Positive & Negative Emotions: Go Beyond

Dive into the role of emotions in business. Discover how embracing our emotional spectrum, rather than sidestepping it, can propel growth, fortify team cohesion, and enrich leadership consciousness.
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We can either let our emotions burn down our homes or light our fires; the choice is ours.


Why does this matter in business? Simply put, where there’s business, there are people, and where there are people, there are emotions.

Emotions can feel good or bad. They can propel us forward or keep us stuck in the same place for many years. We often base our decisions primarily on our emotions, despite a significant portion of our emotional understanding remaining hidden. Understanding our own emotions better also helps us recognize them in others and judge less.

In our work with Nikoleta & Associates, we’ve noticed a surprising lack of understanding around how much people’s emotional worlds influence their work. Readers might question how we can assert such a lack of understanding given the widespread familiarity with concepts like emotional intelligence and emotional labour.

Herein lies the crux: concepts. Emotion and intelligence fundamentally do not belong in the same sentence. Certainly, intellectualizing emotions is a start; it makes them somewhat accessible, at least abstractly. However, emotions are never fully accessible until experienced in their raw form – felt, not thought about.

Our understanding of emotions is a layered topic, and the reasons why much of our emotional experience remains elusive are equally layered. For this perspective, we’ll explore a few dimensions, including our time and emotional time perspectives.


Our current frames

A significant misunderstanding that restricts us is that we often categorize our emotions as either positive (happy, excited) or negative (angry, fearful). This framework tends to create a cycle based on feeling good and avoiding not feeling good – the oft-mentioned emotional rollercoaster. We thus build our lives around pursuing pleasure and avoiding pain.

Our cultural and societal norms reflect these beliefs. Since cultural norms guide our behaviour, we feel good when we adhere to them and bad when we don’t. These norms often require us to suppress or hide our emotions. As a species, we’ve designated what’s good and bad, socially acceptable and unacceptable.


It’s time to upgrade our frames.


Make room for the negative

When an unpleasant emotion arises, it won’t harm us, so there’s no need to suppress it. Instead of viewing our emotions as painful experiences to be avoided – which puts us in direct conflict with them – we should see our emotions as providing valuable feedback about our current state. Consider a common story of a colleague expressing anger and frustration during organizational change. We often infer that the person isn’t coping well based on their levels of anger and frustration.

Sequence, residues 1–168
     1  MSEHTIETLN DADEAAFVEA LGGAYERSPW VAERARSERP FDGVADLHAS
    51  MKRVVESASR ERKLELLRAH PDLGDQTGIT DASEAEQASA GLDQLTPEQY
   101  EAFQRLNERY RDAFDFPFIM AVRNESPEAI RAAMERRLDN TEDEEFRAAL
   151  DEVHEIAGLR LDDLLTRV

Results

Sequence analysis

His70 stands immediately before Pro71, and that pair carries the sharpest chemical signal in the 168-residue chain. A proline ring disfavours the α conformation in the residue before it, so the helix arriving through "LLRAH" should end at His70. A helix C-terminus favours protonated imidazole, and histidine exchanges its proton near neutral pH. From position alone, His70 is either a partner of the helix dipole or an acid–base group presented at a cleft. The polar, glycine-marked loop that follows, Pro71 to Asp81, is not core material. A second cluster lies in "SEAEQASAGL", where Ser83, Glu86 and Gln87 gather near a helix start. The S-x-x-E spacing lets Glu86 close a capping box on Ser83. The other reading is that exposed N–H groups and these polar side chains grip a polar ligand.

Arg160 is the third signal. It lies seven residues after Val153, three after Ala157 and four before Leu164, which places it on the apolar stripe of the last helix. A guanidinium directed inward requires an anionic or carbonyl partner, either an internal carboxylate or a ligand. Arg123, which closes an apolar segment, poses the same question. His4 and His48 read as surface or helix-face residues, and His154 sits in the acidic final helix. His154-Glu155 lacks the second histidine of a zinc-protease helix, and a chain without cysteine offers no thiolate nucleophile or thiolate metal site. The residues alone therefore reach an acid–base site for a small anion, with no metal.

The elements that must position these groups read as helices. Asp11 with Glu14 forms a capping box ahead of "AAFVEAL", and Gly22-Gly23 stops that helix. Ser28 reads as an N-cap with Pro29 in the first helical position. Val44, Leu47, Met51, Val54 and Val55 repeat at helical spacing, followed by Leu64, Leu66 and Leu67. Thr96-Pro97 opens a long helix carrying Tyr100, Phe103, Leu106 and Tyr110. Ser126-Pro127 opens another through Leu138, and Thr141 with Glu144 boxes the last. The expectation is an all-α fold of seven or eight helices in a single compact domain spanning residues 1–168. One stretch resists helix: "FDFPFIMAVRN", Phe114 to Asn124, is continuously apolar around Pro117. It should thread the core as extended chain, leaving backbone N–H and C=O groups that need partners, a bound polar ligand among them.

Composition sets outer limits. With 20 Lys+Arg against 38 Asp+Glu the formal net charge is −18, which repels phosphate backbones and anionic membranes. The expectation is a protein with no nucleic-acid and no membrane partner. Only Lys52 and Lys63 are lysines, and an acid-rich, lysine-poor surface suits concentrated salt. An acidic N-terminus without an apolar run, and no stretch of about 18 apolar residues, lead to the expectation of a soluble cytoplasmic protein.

A clear reason we avoid negative emotions is the often ensuing hostility (either direct or indirect). We elaborate on this in our Sarcasm perspective. While hostility is a topic worth discussing in itself, it’s important to remember that hostility doesn’t necessarily accompany anger; that’s up to us.

Emotion plus understanding, hesitance plus courage, discomfort plus vision – these paradoxes, once embraced, can bring us closer to the truth of the situation. Some aspects may be pleasant, some may not be, but regardless, clarity will result, enabling understanding and informed action.


Unpleasant emotions and teams

Our lack of understanding often labels charged, specifically negative emotions as unwelcome and indicative of something being wrong. But something isn’t necessarily wrong; something is ripe for understanding and exploration.

Consider the concept of ‘growing pains’, often heard in startup and new venture contexts. This human experience inherently involves excitement, frustration, and prolonged periods of uncertainty. We often refer to these as “good problems to have,” but why are they problems at all?

When unpleasant emotions arise, they’re signalling that something isn’t as it should be. There’s work for us to do, but the emotion itself isn’t bad. The more teams understand this – both within themselves and how it manifests in team experiences – the better they’ll be able to see things for what they are. Rather than becoming emotionally hijacked, they’ll approach the truth and determine what needs to be done to move forward together.


Leadership awareness

Our best choices are those made with the most awareness we have at the time.

Labelling emotions as positive or negative doesn’t capture the richness of our emotional lives. It doesn’t help us find what will liberate us – the truth within us and the situation we’re dealing with.

Understanding this is a game-changer. Seeing anger and frustration as pathways to previously unknown information can open up a host of benefits. Facilitating this learning is vital for sustainable performance at all levels and contributes actively to a learning and growth-supportive context.

Ultimately, businesses that choose to trust their people and view them as creators rather than executors, as gifts rather than resources to extract work from, will recognize the value of engaging the discomfort that comes from all emotional spaces. They will learn to harness it, not avoid it.